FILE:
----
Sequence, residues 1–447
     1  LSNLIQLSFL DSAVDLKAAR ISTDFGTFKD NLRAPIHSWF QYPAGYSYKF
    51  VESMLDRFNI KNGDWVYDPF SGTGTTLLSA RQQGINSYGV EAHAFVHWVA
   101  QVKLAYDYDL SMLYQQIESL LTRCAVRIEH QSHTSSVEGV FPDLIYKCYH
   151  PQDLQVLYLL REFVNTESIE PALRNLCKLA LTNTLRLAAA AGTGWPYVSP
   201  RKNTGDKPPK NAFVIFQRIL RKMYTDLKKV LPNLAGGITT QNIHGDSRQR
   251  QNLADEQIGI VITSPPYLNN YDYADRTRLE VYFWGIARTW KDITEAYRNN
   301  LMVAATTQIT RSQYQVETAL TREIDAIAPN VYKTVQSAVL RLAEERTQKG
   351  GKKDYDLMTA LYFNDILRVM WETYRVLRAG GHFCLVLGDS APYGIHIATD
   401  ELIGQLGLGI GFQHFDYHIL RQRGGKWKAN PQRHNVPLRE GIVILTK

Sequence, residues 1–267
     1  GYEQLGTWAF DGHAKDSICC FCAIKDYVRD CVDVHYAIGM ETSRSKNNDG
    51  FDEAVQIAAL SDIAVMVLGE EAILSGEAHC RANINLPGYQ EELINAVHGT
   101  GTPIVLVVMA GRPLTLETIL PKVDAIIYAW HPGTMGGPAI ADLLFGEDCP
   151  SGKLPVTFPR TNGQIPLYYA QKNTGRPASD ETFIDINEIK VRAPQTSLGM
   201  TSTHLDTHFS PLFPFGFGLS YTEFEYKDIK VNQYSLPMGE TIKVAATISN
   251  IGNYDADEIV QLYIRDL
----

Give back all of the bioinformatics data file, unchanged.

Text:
Sequence, residues 1–447
     1  LSNLIQLSFL DSAVDLKAAR ISTDFGTFKD NLRAPIHSWF QYPAGYSYKF
    51  VESMLDRFNI KNGDWVYDPF SGTGTTLLSA RQQGINSYGV EAHAFVHWVA
   101  QVKLAYDYDL SMLYQQIESL LTRCAVRIEH QSHTSSVEGV FPDLIYKCYH
   151  PQDLQVLYLL REFVNTESIE PALRNLCKLA LTNTLRLAAA AGTGWPYVSP
   201  RKNTGDKPPK NAFVIFQRIL RKMYTDLKKV LPNLAGGITT QNIHGDSRQR
   251  QNLADEQIGI VITSPPYLNN YDYADRTRLE VYFWGIARTW KDITEAYRNN
   301  LMVAATTQIT RSQYQVETAL TREIDAIAPN VYKTVQSAVL RLAEERTQKG
   351  GKKDYDLMTA LYFNDILRVM WETYRVLRAG GHFCLVLGDS APYGIHIATD
   401  ELIGQLGLGI GFQHFDYHIL RQRGGKWKAN PQRHNVPLRE GIVILTK

Sequence, residues 1–267
     1  GYEQLGTWAF DGHAKDSICC FCAIKDYVRD CVDVHYAIGM ETSRSKNNDG
    51  FDEAVQIAAL SDIAVMVLGE EAILSGEAHC RANINLPGYQ EELINAVHGT
   101  GTPIVLVVMA GRPLTLETIL PKVDAIIYAW HPGTMGGPAI ADLLFGEDCP
   151  SGKLPVTFPR TNGQIPLYYA QKNTGRPASD ETFIDINEIK VRAPQTSLGM
   201  TSTHLDTHFS PLFPFGFGLS YTEFEYKDIK VNQYSLPMGE TIKVAATISN
   251  IGNYDADEIV QLYIRDL